Information Literacy – answer to independent learning
B Radhika Rani Is the information seeker in today’s Knowledge Economy satisfied? Does his endeavour to know the latest developments in his...
B Radhika Rani
Is the information seeker in today’s Knowledge Economy satisfied? Does his endeavour to know the latest developments in his field of interest ever end? The answer is NO. In the present information-hungry world, the availability of relevant, accurate, authentic, timely, precise and effective information efficiently supports him. However, the accessibility of abundant information actually poses a challenge to him.
The students of higher education have to cope up with the everyday information needs for their academic purposes and the education sector expects them to give their best. The institutes offering placements in industries and other sectors too pressurise the job-seekers. In other words, they are expected to be ‘Information Literate’-- to stand out in a crowd. The United States National Forum on Information Literacy defines information literacy as “... the ability to know when there is a need for information, to be able to identify, locate, evaluate, and effectively use that information for the issue or problem at hand."Information Literacy includes the skills and techniques to use resources of modern library, and the Internet as a gateway to information. It stresses for ethical and responsible use of information, especially in higher education. The students must be empowered to become self-directed, independent, critical and self-assessing learners. Unfortunately, many users have fallen prey to commercial database providers and search engines. Voluminous information available on the net is in unfiltered form.
The credibility and authenticity of using such information is a moot question. It is here that the librarian’s role comes to play. The challenge of a librarian today is to teach and educate the users, gather information strategically from the Internet or other sources with minimum use of time. With the growth of electronic resources (ie information resources available in and outside the libraries), simultaneous decline in library budgets and unreliable information on the web in the public domain, competition and work pressures have increased. In such a situation Information literacy surely is one way to manage this state of affairs Alternatively, information professionals can resort to shared subscription, library consortium, Institutional repositories, open access archives, open source gateways etc.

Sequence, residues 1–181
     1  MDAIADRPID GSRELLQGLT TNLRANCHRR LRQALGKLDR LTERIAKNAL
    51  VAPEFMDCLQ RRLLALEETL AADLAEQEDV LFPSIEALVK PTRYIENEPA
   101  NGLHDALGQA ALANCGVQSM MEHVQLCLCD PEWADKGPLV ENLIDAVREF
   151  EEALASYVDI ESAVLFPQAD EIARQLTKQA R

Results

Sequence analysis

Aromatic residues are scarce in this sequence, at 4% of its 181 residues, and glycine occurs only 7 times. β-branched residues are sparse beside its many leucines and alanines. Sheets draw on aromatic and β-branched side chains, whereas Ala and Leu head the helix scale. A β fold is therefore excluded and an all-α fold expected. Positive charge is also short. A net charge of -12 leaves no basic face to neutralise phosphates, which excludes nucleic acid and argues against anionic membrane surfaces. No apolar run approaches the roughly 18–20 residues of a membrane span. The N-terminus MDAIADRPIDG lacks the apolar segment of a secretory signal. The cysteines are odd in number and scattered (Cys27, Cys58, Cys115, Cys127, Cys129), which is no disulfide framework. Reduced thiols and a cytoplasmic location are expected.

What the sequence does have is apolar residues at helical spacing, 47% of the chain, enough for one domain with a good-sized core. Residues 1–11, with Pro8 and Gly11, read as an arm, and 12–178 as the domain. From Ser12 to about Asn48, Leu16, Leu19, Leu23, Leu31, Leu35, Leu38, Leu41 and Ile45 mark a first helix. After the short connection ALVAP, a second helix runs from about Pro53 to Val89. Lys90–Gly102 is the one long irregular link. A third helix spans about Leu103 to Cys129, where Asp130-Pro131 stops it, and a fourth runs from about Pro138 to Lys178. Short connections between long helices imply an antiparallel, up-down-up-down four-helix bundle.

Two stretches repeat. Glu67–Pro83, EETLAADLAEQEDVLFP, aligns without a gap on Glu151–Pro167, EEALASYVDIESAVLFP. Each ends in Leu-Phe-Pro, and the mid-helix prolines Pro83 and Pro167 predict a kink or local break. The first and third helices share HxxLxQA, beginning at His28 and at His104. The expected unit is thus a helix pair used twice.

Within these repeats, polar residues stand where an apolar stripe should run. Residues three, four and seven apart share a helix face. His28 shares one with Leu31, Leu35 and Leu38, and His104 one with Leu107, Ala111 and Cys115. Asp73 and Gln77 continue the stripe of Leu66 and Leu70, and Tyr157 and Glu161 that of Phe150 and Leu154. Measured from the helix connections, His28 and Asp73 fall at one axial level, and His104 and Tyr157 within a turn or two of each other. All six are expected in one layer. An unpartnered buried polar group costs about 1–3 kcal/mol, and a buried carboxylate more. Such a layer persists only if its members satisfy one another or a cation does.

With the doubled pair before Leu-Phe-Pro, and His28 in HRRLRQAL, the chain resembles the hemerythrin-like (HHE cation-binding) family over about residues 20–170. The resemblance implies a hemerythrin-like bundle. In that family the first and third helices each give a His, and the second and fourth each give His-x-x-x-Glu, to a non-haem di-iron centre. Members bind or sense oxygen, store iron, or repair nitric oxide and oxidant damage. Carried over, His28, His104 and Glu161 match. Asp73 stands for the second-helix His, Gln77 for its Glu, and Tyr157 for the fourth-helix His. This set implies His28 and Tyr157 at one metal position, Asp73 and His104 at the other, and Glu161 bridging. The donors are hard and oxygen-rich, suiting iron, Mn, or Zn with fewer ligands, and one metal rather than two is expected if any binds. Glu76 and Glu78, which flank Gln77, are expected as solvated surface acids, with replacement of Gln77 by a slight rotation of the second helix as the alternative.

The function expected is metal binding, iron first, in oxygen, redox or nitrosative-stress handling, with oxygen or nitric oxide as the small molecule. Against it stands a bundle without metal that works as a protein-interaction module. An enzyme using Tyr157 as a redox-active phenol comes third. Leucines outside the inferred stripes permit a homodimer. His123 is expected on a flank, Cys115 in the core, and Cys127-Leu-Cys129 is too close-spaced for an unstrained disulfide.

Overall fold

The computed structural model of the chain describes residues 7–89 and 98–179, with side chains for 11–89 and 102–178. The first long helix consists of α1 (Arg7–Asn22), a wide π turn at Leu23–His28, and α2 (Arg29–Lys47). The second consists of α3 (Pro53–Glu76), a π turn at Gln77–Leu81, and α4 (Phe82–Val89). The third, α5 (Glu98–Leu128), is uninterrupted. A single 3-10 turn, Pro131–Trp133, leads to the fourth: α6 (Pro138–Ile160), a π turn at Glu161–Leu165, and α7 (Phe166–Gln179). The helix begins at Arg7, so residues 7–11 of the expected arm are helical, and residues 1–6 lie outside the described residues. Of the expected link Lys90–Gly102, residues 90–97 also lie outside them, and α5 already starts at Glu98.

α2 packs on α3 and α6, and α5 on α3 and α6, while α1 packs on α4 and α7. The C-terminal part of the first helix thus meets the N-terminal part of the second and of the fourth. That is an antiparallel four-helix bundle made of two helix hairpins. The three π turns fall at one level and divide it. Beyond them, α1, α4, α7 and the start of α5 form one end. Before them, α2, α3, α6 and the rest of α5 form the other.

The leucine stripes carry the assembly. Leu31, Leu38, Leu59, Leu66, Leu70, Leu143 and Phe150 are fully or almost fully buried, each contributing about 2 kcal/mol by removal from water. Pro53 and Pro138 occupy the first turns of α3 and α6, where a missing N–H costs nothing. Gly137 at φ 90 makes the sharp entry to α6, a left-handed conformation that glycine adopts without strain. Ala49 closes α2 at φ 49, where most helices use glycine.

Fortunately, educationists have realised the importance of Information literacy, and identified Library and IT skills as a foundation for searching the electronic information resources in today’s digital era. It would definitely help to make optimum utilisation of information in a broader Information technology environment, especially in higher education. If academic institutions are to prepare to be world-class professionals, it is necessary to include information literacy skills at the core of instruction in every discipline and it needs to be reinforced within and outside of the educational setting. This will enable students to know the difference between factual information and opinions.
It is well known that when we talk of education, academic libraries automatically come into focus. In fact they play a major role in educational changes i.e. in teaching, learning and research in higher education. By providing : appropriate information environment; effective and efficient access to all types of information resources; seeking out and identifying innovations to keep pace with changes, the academic librarian guide can help in building partnership in faculty development, educational assistance, quality research support, and training for students, and assessment of learning outcomes. The ultimate focus being to enhance a student’s ability to harness the power of information to face the continual challenges of the information-centric society.